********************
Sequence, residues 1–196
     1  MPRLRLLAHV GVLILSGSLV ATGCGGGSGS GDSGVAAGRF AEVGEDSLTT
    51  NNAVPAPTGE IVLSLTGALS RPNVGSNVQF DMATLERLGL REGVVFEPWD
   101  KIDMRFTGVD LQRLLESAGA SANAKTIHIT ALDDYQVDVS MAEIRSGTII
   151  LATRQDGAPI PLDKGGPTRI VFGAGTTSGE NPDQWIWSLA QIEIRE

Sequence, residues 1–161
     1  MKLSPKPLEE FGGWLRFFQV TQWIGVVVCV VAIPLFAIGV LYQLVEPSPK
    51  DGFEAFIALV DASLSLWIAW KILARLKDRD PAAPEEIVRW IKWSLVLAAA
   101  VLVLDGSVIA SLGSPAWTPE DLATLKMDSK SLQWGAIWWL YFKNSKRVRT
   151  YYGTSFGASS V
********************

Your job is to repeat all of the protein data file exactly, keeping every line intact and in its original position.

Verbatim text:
Sequence, residues 1–196
     1  MPRLRLLAHV GVLILSGSLV ATGCGGGSGS GDSGVAAGRF AEVGEDSLTT
    51  NNAVPAPTGE IVLSLTGALS RPNVGSNVQF DMATLERLGL REGVVFEPWD
   101  KIDMRFTGVD LQRLLESAGA SANAKTIHIT ALDDYQVDVS MAEIRSGTII
   151  LATRQDGAPI PLDKGGPTRI VFGAGTTSGE NPDQWIWSLA QIEIRE

Sequence, residues 1–161
     1  MKLSPKPLEE FGGWLRFFQV TQWIGVVVCV VAIPLFAIGV LYQLVEPSPK
    51  DGFEAFIALV DASLSLWIAW KILARLKDRD PAAPEEIVRW IKWSLVLAAA
   101  VLVLDGSVIA SLGSPAWTPE DLATLKMDSK SLQWGAIWWL YFKNSKRVRT
   151  YYGTSFGASS V